Cover Stories


By staff writer

The National Petroleum Corporation of Namibia (Namcor) has undergone an evolution over the last 30 years after starting off as an advisory entity to the Ministry of Mines and Energy in matters regarding exploration and production matters.

Since Managing Director Immanuel Mulunga took charge, the corporation has undergone significant changes, including a complete rebrand and a push towards a more competitive and commercial edge. In 2020, Mulunga’s contract was extended for another five years. The Founder caught up with the MD to get an insight into his strategic vision and to assess how Namcor performed last year.

TF: In 2020 your contract was extended for another five years. Can you give us an overview of Namcor’s strategic plan for the next four years?

Immanuel Mulunga: My contract was extended for another 5 years running from 1 October 2020 to 31 September 2025. This period is coinciding with a new Integrated Strategic Business Plan (ISBP) for Namcor with the following themes:

• Ensuring Supply for Namibia

• Harnessing the Potential of E&P

• Digital Enablement

• Operational & Organisational Excellence

Our focus is to continue building the Namcor brand by expanding our retail footprint and operationalizing the National Oil Storage Facility (NOSF) on the downstream side while on the upstream side we continue with our upstream agenda of commercializing our E&P opportunities both in Namibia and Internationally.

TF: What were the major influences in setting your strategic focus for 2021?

IM: What influenced our strategy is the need to secure our future financial sustainability by weaning ourselves from any governmental support and capturing a significant market share in the petroleum downstream sector. The NOSF that we now have the pleasure to maintain and operate enables us to achieve this objective. On the upstream side our strategy hinged on the procurement of international producing assets to diversify our sources of revenue and to continue facilitating and working towards a petroleum discovery in Namibia.

TF: Can you give us an overview of some of your achievements at the helm of NAMCOR over the last six years?

IM: We managed to rebrand the entity with a new vibrant and more recognizable brand; we managed to grow the balance sheet and revenues of Namcor by approximately 400%. We had a successful entry into the retail sector, thereby increasing our downstream market share to double figures. We recruited knowledgeable and experienced staff into the company and reorganized the entity into an organization that can get us closer to our vision of becoming a world class petroleum organization. We successfully took over the operatorship of the National Oil Storage Facility and started importing our own petroleum products into the country, plus we successfully farmed out some of our upstream assets to supermajors like ExxonMobil and worked very hard towards that elusive petroleum discovery in Namibia.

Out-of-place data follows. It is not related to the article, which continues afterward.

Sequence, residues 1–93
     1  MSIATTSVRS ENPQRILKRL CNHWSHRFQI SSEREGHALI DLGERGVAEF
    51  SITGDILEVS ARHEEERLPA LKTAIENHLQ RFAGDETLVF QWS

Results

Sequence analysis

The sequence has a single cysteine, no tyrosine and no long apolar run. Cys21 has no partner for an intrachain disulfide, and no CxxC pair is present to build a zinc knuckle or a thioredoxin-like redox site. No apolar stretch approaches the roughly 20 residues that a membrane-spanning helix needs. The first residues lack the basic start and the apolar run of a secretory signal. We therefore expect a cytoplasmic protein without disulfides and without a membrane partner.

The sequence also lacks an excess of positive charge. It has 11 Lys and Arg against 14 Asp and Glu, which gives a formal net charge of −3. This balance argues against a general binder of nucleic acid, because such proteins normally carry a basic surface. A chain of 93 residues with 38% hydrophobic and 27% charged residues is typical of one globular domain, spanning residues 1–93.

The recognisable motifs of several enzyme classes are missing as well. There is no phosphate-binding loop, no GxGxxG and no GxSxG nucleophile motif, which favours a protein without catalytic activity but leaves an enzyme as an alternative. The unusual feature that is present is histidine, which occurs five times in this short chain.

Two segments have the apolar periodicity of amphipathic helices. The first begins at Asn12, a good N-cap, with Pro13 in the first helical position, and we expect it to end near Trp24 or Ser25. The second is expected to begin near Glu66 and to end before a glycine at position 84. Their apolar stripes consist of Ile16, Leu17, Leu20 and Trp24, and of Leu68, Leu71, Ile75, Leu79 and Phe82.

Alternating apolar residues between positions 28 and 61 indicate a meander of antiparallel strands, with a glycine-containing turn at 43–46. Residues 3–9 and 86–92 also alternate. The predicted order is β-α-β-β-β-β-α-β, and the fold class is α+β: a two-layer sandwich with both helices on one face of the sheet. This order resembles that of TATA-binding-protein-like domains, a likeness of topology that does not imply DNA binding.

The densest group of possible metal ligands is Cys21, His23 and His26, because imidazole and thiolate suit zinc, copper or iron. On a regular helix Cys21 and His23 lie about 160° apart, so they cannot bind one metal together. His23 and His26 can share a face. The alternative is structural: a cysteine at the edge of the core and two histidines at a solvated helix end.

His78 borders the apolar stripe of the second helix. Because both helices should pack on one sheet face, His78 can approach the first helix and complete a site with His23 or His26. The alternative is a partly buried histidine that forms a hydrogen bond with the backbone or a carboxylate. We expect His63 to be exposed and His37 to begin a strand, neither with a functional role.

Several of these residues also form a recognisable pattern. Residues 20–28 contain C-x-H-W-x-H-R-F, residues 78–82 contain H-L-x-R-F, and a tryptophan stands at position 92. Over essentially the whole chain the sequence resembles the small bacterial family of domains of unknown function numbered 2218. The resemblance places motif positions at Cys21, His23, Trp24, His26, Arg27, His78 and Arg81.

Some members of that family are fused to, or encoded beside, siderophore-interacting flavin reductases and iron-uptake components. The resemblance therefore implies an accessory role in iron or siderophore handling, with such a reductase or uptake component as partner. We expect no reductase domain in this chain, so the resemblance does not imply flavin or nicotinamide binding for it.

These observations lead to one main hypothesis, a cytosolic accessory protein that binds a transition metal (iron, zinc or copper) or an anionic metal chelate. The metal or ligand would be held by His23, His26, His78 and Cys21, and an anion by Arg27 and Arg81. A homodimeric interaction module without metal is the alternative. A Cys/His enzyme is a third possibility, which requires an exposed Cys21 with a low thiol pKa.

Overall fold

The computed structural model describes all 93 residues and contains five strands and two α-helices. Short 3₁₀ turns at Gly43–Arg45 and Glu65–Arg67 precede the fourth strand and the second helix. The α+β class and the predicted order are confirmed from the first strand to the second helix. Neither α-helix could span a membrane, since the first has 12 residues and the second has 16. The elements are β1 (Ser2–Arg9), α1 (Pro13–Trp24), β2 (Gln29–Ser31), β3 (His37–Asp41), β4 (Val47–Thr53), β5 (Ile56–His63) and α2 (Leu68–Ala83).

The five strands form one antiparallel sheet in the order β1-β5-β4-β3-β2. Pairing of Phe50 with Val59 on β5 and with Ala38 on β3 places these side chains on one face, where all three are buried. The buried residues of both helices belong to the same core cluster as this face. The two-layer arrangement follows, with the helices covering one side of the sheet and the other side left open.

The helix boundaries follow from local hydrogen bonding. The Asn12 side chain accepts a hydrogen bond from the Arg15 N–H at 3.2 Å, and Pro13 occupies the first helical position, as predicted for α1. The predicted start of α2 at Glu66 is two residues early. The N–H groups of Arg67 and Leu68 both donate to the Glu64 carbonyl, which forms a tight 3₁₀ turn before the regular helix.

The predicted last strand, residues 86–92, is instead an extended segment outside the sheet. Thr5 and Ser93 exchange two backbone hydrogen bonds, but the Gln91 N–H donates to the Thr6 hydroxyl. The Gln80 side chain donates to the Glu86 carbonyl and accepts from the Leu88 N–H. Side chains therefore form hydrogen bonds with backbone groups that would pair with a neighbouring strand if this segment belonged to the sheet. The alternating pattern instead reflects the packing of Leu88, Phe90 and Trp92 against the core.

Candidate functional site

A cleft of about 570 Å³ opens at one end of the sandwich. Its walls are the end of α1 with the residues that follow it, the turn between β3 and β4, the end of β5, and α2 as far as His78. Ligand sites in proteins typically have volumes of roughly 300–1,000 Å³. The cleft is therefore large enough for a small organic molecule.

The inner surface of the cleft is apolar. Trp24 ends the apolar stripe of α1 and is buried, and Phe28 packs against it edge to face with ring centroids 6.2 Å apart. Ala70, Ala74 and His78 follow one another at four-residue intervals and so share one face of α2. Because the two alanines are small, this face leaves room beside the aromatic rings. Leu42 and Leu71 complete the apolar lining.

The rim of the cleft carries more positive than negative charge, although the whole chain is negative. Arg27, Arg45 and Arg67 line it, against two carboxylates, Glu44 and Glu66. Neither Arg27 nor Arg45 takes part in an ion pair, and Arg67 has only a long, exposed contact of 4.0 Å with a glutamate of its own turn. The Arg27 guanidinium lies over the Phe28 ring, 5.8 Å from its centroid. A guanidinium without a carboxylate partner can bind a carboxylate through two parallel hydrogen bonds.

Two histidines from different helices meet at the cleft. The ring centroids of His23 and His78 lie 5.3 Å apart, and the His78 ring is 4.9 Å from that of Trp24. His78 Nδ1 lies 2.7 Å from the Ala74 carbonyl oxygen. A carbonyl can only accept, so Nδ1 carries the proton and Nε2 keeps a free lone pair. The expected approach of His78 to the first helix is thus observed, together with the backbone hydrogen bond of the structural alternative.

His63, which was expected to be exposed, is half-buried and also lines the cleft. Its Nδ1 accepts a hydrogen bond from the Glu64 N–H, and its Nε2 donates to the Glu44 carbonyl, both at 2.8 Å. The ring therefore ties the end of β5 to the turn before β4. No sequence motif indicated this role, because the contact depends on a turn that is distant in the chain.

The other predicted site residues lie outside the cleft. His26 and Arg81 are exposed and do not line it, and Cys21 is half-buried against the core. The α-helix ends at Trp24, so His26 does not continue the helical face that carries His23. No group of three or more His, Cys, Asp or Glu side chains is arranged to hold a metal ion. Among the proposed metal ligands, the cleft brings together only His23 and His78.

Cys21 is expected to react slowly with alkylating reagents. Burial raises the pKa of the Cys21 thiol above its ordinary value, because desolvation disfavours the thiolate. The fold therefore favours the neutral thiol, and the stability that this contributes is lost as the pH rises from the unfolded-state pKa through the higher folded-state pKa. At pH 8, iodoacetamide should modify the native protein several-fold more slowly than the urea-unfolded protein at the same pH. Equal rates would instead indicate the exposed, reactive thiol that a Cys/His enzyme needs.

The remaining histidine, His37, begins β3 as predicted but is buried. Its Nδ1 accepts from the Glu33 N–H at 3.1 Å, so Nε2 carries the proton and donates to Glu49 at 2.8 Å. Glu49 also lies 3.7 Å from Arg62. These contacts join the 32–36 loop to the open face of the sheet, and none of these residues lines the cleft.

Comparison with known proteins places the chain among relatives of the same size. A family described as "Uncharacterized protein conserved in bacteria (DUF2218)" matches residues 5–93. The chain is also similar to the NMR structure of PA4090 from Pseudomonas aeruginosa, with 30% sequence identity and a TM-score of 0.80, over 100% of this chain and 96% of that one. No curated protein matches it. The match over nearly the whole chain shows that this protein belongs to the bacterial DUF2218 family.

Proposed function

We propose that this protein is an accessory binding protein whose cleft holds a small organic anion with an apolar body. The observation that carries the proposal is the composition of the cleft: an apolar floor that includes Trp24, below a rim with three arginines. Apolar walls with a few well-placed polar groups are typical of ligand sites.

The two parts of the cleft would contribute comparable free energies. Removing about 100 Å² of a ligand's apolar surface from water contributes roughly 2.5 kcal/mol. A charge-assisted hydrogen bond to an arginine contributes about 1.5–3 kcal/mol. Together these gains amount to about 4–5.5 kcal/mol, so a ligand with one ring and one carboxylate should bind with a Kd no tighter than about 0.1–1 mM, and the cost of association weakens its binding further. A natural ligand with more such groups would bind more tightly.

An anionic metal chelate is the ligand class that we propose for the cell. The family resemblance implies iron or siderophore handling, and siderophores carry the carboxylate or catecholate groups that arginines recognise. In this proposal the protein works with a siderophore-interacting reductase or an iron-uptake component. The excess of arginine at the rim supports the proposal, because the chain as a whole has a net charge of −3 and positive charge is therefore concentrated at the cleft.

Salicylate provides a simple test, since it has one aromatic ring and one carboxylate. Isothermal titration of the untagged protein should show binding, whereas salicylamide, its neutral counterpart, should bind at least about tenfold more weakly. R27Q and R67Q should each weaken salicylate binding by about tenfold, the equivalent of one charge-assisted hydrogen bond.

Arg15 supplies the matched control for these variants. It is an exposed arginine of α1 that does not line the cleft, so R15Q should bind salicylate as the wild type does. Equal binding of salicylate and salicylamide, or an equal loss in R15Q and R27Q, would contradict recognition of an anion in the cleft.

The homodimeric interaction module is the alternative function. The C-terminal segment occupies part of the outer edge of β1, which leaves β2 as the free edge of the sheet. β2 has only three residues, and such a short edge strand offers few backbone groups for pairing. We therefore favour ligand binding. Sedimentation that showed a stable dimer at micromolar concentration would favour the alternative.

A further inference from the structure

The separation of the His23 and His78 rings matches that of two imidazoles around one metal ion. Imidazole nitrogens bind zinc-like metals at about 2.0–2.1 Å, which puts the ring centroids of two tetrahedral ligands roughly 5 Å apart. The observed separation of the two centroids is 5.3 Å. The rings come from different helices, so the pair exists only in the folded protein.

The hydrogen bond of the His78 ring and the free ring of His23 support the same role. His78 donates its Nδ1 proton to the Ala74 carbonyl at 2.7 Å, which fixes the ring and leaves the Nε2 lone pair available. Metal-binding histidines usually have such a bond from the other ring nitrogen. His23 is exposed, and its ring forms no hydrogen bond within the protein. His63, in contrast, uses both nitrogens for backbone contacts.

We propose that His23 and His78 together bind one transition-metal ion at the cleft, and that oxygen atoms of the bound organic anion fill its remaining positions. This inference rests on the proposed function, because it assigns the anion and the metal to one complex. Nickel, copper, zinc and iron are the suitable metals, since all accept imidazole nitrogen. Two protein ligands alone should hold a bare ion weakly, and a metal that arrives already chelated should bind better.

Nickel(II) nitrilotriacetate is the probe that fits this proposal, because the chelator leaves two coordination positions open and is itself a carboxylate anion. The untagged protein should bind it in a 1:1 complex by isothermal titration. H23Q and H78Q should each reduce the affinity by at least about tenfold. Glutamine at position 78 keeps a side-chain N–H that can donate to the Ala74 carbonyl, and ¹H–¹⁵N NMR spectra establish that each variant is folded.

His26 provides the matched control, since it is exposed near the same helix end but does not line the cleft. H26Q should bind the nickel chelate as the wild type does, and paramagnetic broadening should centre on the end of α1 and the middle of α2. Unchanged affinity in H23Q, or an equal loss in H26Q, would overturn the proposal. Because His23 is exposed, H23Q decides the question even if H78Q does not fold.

TF: What were the major influences in setting your strategic focus for 2021?

IM: The Exploration and Production Act which established Namcor in 1991 gave it a mandate to also venture into the downstream part of the petroleum business. This necessitated Namcor to enter the fuel importation business when it was awarded the mandate to import 50% of the country’s fuel requirements and established a commercial business unit to also directly sell to the market. In 2014 it made a decision to enter the retail business segment but it was only in 2019 when it constructed its first 3 service stations. Today not only is Namcor importing its own petroleum products into the country, it has access to storage facilities that allows it to compete in the commercial business segment, retail business segment (11 service stations) and the export market to countries such as Botswana and Zambia.

TF: Namcor officially took charge of the billion-dollar National Oil Storage Facility in Walvis Bay. What does this mean for Namcor and the country as a whole?

IM: This increases the security of supply of the country by making sure there is an increased amount of fuel in the country at any one time. The NOSF can also be used commercially for Namcor’s own trading activities but also to host international marketing companies to import their petroleum products into the country. These facilities have increased Namcor’s competitiveness in the market as it can now dictate the pricing of its own fuel and in so doing capture more market share from its competitors. The country is in a better position because it has its own storage facilities operated by its own national oil company, so that in the event any of the international majors exit the country, Namcor will still be here to serve the nation.